There’s nothing more endearing than a little humility from a current headlining band in these days of ego-driven and media-fuelled endorsement of average indie rock. “Hello Portsmouth. How Ya Doin’? We would just like to thank everyone who has bought our album,” announces Doves’ front man Jimi. Yes, respect to these guys who’ve managed to retain the perspective and grounding to realise some of the how-and-why they are where they are right now.
Musically entrancing, the effort and the energy levels of this performance were striking. Yet instrumentally, a simple format of guitar, bass and drums atmospherically enhanced with the use of synths and sequencers evoked melancholia and psychedelia simultaneouly. The dreamily triumphant There Goes The Fear, with its wonderfully bizarre video as a backdrop, acknowledges Jimi’s vocal strengths, such as they exist – but this man is no vocalist of legend.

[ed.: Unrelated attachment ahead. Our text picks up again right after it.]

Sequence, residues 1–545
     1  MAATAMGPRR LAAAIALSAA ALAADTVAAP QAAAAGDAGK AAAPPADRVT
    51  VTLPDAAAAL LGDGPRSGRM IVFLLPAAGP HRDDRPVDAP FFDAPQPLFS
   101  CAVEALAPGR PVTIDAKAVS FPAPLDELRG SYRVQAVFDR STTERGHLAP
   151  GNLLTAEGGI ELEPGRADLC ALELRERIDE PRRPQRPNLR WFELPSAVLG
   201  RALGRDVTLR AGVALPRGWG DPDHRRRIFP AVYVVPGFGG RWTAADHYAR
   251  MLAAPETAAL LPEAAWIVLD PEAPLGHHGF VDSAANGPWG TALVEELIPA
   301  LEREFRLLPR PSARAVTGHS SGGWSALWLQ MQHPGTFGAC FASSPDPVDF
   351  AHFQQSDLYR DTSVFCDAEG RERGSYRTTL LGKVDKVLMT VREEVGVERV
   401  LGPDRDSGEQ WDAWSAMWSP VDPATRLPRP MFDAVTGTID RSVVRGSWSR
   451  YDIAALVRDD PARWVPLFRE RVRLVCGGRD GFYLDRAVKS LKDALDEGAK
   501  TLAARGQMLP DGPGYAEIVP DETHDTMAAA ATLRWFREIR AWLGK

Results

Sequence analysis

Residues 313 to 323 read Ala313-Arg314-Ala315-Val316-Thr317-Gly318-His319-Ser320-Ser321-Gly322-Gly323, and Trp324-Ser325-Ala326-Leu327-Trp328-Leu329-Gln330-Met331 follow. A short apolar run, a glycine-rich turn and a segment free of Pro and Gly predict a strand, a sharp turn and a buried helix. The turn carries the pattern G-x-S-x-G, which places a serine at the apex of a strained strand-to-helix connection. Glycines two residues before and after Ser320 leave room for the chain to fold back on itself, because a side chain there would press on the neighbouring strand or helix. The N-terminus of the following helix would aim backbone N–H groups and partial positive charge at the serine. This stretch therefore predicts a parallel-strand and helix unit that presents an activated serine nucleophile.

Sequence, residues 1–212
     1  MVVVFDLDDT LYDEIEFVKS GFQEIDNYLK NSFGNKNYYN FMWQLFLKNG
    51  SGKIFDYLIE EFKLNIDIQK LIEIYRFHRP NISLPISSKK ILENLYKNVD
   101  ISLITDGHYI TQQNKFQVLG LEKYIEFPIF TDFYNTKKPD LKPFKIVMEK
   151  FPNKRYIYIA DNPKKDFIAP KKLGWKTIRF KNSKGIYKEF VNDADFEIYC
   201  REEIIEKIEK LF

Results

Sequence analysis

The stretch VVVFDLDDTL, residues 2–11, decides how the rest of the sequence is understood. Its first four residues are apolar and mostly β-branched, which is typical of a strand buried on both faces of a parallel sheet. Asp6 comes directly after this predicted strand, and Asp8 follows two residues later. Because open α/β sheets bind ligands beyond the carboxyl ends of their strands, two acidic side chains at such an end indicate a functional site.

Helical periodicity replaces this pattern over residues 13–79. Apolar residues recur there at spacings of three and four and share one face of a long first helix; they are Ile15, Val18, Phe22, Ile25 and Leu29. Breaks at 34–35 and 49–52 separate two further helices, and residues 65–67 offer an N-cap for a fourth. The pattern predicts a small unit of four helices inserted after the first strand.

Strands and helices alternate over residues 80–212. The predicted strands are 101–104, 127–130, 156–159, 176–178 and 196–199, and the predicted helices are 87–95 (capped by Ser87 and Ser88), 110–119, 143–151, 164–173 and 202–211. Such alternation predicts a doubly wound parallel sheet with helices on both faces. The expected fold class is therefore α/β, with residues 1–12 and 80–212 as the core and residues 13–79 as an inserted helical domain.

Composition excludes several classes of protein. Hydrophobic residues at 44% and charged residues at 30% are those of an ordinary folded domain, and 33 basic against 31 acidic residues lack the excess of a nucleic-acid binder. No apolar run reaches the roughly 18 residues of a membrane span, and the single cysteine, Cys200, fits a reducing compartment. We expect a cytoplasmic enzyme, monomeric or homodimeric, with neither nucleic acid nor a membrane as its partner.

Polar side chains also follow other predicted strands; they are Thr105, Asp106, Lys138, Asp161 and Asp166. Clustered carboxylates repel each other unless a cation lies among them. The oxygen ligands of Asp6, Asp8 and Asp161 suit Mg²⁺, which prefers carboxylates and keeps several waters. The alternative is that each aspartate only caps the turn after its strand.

Drawing influence from a wide range of sources on the latest album, this gig reflected the varied and all-embracing assortment of musical styles used by the band. At one point we saw Jimi’s woeful strumming silhouetted against black and white World War Two fighter jet footage. And drummer Andy Williams’ harmonica was a treat at the climax of the set when he and Jimi changed places to perform the now classic Here It Comes, alongside some of the best Wigan Casino footage ever seen.
The Doves are a paradox. Bleak yet uplifting, repetitive yet futuristic, what stands out is the humanity of these Northern Souls. They are on a roll, charming all and sundry. And we all need to remember where we come from.